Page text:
In meshfree methods, we talk about approximation rather than interpolation since the meshfree shape functions do not satisfy the Kronecker-delta property. This entails certain difficulties in imposing essential boundary conditions. Probably the simplest way to impose essential boundary conditions is by boundary collocations. Another opportunity is to use the penalty method, Lagrange multipliers or Nitsche’s method. Coupling to finite elements is one more alternative that was extensively pursued in the literature-in this case, the essential boundary conditions are imposed in the finite element domain. In the first coupling method by Belytschko, the meshfree nodes have to be located at the finite element nodes and a blending domain is constructed such that the shape functions are zero at the finite element boundary. In this first approach, discontinuous strains were obtained at the meshfree-finite element interface. Many improvements were made and methods were developed that exploit the advantage of both meshfree methods and finite elements, e.g. the Moving Particle Finite Element Method (MPFEM) by Su Hao et al. or the Reproducing Kernel Element Method (RKEM) developed by the group of Prof. W.K. Liu. Meanwhile, several textbooks on meshfree methods have been published, W.K.Liu and S. Li, T. Belytschko, S.N.Atluri and some books by Prof. G.R. Liu.

Many meshfree methods were developed and applied in fracture mechanics to model arbitrary crack growth. The crack was initially modeled with the visibility criterion, i.e. the crack was considered to be opaque and the meshfree shape functions were cut at the crack surface. Later, the diffraction and transparency method was used instead of the visibility criterion since they remove certain inconsistencies of the visibility criterion. With the development of the extended finite element method (XFEM) in 1999, meshfree methods got a very strong competitor. The major drawback of meshfree methods with respect to XFEM is their higher computational cost. It is also less complex to incorporate XFEM into existing FE codes. There are still some efforts to modify meshfree methods with respect to material failure and fracture. However, it seems that much less attention is paid to the development of meshfree methods these days compared to the 90s. Nevertheless, meshfree methods still are applied frequently in many different areas, from molecular dynamics, biomechanics to fluid dynamics.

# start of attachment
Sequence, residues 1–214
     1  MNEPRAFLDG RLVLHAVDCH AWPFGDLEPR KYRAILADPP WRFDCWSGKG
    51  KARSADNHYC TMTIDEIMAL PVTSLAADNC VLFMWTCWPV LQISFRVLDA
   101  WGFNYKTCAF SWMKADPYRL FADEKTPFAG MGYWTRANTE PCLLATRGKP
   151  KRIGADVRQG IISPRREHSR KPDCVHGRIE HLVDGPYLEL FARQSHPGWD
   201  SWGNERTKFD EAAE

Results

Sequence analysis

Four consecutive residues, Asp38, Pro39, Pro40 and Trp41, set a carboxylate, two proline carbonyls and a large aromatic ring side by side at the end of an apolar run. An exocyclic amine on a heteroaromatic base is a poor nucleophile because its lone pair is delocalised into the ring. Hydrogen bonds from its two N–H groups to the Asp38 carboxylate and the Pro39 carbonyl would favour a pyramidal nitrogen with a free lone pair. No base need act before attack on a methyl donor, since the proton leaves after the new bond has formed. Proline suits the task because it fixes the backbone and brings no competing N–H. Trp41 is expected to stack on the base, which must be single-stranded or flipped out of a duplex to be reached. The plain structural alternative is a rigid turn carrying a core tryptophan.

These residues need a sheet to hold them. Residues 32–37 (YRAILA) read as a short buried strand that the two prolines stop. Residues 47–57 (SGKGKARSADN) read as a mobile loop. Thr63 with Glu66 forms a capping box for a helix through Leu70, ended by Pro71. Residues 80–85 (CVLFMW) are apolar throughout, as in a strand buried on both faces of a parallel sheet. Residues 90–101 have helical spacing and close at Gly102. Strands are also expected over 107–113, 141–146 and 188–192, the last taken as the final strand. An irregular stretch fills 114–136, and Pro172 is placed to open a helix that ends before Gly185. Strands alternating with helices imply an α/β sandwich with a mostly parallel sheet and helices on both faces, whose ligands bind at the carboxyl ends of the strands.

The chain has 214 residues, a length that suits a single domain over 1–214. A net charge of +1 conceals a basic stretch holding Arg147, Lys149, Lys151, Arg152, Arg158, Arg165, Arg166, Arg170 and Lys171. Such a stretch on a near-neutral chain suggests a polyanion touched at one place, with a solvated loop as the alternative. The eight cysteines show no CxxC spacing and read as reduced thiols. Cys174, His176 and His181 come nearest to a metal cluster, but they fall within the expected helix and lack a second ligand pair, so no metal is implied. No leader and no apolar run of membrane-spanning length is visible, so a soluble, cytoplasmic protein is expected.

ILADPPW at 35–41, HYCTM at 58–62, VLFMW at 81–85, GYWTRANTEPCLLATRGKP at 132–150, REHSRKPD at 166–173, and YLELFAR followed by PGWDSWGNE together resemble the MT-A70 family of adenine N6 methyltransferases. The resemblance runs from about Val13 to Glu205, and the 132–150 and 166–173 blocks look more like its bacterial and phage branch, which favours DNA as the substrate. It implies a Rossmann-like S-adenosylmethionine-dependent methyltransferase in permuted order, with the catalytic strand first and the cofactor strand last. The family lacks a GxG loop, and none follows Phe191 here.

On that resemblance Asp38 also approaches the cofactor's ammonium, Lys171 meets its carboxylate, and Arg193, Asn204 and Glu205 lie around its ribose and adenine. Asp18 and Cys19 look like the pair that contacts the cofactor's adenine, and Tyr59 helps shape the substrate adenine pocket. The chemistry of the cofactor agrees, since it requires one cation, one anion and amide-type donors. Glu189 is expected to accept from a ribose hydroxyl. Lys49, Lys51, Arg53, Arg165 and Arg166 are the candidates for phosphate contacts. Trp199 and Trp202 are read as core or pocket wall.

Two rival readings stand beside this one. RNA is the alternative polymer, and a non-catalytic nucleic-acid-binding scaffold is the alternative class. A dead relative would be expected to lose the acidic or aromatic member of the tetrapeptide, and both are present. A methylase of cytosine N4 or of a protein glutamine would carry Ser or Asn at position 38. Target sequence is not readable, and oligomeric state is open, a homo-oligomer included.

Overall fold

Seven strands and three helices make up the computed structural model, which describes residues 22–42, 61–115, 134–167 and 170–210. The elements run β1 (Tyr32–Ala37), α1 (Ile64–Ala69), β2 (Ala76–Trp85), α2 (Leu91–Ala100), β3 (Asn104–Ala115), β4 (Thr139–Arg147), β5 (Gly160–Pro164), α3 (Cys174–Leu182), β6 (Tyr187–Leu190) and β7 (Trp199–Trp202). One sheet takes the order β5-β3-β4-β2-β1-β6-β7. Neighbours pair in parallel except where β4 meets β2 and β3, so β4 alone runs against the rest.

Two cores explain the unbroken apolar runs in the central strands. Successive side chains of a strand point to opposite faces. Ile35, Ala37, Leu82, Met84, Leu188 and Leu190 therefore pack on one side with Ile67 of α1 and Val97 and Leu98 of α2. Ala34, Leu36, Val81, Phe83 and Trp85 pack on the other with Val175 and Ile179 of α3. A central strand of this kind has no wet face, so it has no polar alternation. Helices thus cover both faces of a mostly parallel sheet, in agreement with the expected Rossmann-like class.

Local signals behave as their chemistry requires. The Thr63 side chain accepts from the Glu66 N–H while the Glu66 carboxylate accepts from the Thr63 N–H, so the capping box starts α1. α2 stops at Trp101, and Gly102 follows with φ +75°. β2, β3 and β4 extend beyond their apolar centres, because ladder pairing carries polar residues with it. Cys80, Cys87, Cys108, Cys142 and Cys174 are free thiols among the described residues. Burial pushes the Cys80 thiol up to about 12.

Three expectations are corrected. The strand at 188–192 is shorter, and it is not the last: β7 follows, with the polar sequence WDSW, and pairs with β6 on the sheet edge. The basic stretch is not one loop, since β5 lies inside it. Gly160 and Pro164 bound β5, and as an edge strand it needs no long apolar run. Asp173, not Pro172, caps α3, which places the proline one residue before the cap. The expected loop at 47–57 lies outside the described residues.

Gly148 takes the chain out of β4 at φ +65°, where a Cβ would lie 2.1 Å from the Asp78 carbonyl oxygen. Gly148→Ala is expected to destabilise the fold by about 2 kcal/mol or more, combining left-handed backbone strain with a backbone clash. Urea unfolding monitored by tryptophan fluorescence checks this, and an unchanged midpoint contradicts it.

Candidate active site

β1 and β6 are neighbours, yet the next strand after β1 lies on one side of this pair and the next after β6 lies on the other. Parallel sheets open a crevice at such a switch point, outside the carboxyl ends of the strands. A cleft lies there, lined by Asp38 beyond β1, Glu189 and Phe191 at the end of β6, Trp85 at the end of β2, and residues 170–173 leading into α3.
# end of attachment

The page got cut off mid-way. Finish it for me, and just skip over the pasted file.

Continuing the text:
Thursday, August 03, 2006

Wikipedia Entry for Meshfree Methods

Wikipedia is the free, on-line encyclopedia.

The philosophy behind Wikipedia is an interesting one. Anyone with access to the internet and a web browser can edit an entry. Over time, entries will develop as more and more people find them on the web and make changes. While it is entirely possible that incorrect information can be posted, the notion is that, with time, it will subsequently be removed.

Along these lines it may make sense for the community to (collectively) edit the Wikipedia entry for Meshfree Methods.

Wednesday, August 02, 2006

Welcome to the Meshfree Methods Blog

This blog was established in August of 2006, by the USACM Specialty Committee on Meshfree Methods. The goal is to provide a central resource for researchers working with meshfree and related methods.

Suggestions as to links, content, or anything else from the community are welcome in the comments section to this post (or any other).

If you would like to post on this blog and are a member of the USACM or IACM, please send an email to John Dolbow at jdolbow@duke.edu to be added to the member list.